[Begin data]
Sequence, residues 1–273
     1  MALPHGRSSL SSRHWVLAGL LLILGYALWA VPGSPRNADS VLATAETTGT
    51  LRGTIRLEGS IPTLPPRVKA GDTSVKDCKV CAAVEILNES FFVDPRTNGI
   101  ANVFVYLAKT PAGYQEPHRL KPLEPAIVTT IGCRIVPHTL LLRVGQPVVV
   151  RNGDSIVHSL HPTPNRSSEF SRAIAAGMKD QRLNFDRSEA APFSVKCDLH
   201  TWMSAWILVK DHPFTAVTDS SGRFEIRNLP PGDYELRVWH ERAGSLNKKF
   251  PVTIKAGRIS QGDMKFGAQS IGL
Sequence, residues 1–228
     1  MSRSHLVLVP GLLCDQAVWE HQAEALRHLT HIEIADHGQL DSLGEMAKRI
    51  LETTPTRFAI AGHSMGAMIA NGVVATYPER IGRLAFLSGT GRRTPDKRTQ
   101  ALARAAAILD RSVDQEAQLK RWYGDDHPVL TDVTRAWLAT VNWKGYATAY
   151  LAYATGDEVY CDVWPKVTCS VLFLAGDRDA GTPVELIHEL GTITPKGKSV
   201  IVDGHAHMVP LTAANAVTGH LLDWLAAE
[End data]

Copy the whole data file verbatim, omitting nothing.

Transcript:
Sequence, residues 1–273
     1  MALPHGRSSL SSRHWVLAGL LLILGYALWA VPGSPRNADS VLATAETTGT
    51  LRGTIRLEGS IPTLPPRVKA GDTSVKDCKV CAAVEILNES FFVDPRTNGI
   101  ANVFVYLAKT PAGYQEPHRL KPLEPAIVTT IGCRIVPHTL LLRVGQPVVV
   151  RNGDSIVHSL HPTPNRSSEF SRAIAAGMKD QRLNFDRSEA APFSVKCDLH
   201  TWMSAWILVK DHPFTAVTDS SGRFEIRNLP PGDYELRVWH ERAGSLNKKF
   251  PVTIKAGRIS QGDMKFGAQS IGL
Sequence, residues 1–228
     1  MSRSHLVLVP GLLCDQAVWE HQAEALRHLT HIEIADHGQL DSLGEMAKRI
    51  LETTPTRFAI AGHSMGAMIA NGVVATYPER IGRLAFLSGT GRRTPDKRTQ
   101  ALARAAAILD RSVDQEAQLK RWYGDDHPVL TDVTRAWLAT VNWKGYATAY
   151  LAYATGDEVY CDVWPKVTCS VLFLAGDRDA GTPVELIHEL GTITPKGKSV
   201  IVDGHAHMVP LTAANAVTGH LLDWLAAE